The Guardian apologizes after being accused of ‘shocking’ anti-Semitism after cartoon of ex-BBC chairman Richard Sharp that ‘contained Jewish stereotypes’
The left-wing Guardian newspaper was accused of ‘shocking’ anti-Semitism last night after publishing an insulting cartoon by ex-BBC chairman Richard Sharp that featured Jewish stereotypes.
Martin Rowson’s controversial image showed a smirking caricature of Sharp, who is Jewish, with what pundits described as a series of anti-Semitic tropes.
Sharp dramatically stepped down as BBC chairman on Friday after a report found he had broken rules by not disclosing his role in helping Boris Johnson secure an £800,000 loan.
The cartoon, published yesterday, depicted the former Goldman Sachs banker carrying a box from the bank filled with a squid and what appeared to be gold coins.
Stephen Pollard, former editor of the Jewish Chronicle, described the illustration as “unequivocally anti-Semitic,” adding, “It takes a lot to shock me. But I still think it’s really shocking that no one looked at it and said, ‘No, we can’t run this.’
The left-wing Guardian newspaper was accused of ‘shocking’ anti-Semitism last night after publishing an insulting cartoon by ex-BBC chairman Richard Sharp featuring Jewish stereotypes
Boris Johnson proposed last night that those responsible at The Guardian for publishing the image resign. “Frankly, whoever ordered and printed this made a much bigger mistake than Richard Sharp,” he said. “They should take his lead.”
Award-winning screenwriter Lee Kern wrote on Twitter: “The Guardian is anti-Semitic. If a newspaper can be institutionally racist, they are.’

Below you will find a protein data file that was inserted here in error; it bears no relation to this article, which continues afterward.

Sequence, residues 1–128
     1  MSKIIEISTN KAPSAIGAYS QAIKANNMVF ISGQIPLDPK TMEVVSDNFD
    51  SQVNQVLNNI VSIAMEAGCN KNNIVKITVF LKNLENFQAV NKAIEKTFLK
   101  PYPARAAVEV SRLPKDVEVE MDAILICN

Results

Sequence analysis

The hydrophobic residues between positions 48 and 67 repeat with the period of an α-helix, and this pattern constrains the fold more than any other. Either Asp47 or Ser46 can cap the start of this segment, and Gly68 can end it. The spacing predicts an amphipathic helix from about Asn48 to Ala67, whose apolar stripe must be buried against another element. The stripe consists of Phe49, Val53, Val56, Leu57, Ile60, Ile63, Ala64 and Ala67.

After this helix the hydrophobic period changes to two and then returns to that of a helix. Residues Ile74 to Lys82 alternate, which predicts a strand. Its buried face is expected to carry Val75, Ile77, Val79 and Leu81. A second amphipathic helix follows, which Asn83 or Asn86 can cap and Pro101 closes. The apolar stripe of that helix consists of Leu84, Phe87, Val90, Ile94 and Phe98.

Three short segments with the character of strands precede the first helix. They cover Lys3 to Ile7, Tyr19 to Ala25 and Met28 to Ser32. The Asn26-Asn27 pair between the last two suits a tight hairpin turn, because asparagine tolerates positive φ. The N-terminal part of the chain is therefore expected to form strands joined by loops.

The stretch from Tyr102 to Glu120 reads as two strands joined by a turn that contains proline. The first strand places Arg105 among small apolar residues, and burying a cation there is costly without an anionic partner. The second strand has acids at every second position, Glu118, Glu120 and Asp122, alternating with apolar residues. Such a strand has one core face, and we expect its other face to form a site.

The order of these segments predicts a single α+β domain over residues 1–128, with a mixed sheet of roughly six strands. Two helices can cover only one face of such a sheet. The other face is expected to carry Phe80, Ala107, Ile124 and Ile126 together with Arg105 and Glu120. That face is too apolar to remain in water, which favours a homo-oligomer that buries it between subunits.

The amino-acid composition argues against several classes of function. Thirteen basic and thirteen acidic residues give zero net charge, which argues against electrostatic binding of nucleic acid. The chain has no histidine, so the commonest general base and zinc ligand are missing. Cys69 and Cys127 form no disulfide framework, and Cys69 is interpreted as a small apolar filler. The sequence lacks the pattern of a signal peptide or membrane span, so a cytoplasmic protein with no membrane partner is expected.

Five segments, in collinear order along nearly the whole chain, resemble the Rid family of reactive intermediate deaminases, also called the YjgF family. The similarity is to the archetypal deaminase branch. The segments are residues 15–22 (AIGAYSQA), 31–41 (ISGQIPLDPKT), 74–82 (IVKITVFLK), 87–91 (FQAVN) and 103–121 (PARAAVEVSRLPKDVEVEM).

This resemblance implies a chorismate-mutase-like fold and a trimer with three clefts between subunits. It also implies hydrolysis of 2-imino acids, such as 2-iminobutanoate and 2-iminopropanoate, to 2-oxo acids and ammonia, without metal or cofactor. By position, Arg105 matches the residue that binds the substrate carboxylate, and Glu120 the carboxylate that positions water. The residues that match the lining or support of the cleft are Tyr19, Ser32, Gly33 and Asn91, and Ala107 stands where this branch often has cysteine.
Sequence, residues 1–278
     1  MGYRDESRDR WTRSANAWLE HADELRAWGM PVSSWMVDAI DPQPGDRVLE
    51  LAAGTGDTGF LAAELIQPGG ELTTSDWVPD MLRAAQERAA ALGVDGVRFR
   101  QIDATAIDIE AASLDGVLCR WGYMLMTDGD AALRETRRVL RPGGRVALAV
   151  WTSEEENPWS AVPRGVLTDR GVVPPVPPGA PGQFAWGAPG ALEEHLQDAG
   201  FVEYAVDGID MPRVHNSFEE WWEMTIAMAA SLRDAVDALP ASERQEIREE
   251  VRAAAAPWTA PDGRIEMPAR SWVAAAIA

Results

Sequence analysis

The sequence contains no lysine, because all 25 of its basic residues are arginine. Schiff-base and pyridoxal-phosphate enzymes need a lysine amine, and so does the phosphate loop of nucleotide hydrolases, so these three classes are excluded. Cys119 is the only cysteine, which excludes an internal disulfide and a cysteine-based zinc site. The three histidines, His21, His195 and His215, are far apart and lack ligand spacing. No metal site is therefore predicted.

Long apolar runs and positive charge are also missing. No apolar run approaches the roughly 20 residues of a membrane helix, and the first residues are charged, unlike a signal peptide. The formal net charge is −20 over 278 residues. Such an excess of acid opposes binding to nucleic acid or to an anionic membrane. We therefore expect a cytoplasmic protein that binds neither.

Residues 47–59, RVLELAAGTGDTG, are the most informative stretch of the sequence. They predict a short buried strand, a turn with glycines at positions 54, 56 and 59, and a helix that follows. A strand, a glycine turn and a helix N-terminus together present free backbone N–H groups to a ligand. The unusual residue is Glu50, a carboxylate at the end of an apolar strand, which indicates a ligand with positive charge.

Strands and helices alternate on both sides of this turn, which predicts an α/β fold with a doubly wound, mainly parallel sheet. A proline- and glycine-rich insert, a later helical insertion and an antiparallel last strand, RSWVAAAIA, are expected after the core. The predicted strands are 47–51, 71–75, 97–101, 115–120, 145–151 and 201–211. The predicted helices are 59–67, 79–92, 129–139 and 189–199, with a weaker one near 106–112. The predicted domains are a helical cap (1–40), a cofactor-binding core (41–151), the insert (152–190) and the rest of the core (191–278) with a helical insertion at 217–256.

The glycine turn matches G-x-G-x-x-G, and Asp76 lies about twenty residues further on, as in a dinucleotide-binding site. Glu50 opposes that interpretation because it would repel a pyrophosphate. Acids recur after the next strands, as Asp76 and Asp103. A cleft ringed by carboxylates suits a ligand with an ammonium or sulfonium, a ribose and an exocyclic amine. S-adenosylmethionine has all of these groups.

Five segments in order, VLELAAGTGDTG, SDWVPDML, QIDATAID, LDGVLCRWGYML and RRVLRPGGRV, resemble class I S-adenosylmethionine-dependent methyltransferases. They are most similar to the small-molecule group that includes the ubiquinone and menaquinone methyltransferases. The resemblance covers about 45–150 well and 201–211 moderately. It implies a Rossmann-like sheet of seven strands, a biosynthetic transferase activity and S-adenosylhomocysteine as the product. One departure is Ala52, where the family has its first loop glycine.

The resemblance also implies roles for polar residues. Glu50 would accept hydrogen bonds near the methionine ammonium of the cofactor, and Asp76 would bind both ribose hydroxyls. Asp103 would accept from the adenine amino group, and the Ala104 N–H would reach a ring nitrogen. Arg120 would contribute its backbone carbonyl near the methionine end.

While the squid appeared to be a reference to Goldman Sachs — once described by Rolling Stone magazine as “a big vampire squid” — it’s also a “common anti-Semitic motif” used to portray a supposed Jewish conspiracy, according to Dave Rich, an author specializing in anti-Semitism.
He added, “You could say that outsized facial features and tentacles happen in other subjects too, so it’s just a cartoon thing. Unless something has a long and well-known anti-Semitic history, it takes on a different meaning when you apply it to Jews.’
Critics also highlighted that the cartoon appeared to feature a bloodied pig’s head and depicted Rishi Sunak as a puppet. Alex Hearn, co-director of Labor Against Anti-Semitism, said: ‘It is extraordinary that so many classic anti-Jewish motifs have been squeezed into one cartoon without the Guardian’s editors objecting.’
Richard Sharp steps down as BBC chairman and leaves at the end of June
In a 1,000-word statement, Rowson said he knew Sharp was Jewish because they both attended the fee-paying Merchant Taylors school in north London, but stressed that Sharp’s Jewishness “never crossed my mind when I drew him.” “I tried to draw him looking quietly furious, implicitly with Johnson, in the standard caricature fashion common in all political cartoons to exaggerate several of his features.
“I thought it was a pretty mild caricature at the time compared to how I’d draw Johnson.”
He denied that the box in the cartoon was filled with gold—he claimed the coins were actually the squid’s “yellow polyps”—and that the pig’s red color meant licorice, not blood.
A spokesperson for The Guardian said yesterday: ‘We understand the concerns that have been raised. This cartoon does not meet our editorial standards and we have decided to remove it from our website.
“The Guardian apologizes to Mr Sharp, to the Jewish community and to anyone who has been offended.”
The latest controversy comes just a week after The Observer – The Guardian’s sister paper – published a letter from former Labor Shadow minister Diane Abbott suggesting that Jewish, Irish and Travelers had not been victims of racism ‘all their lives’.
She was suspended as a Labor MP and party leader Sir Keir Starmer described her comments as anti-Semitic.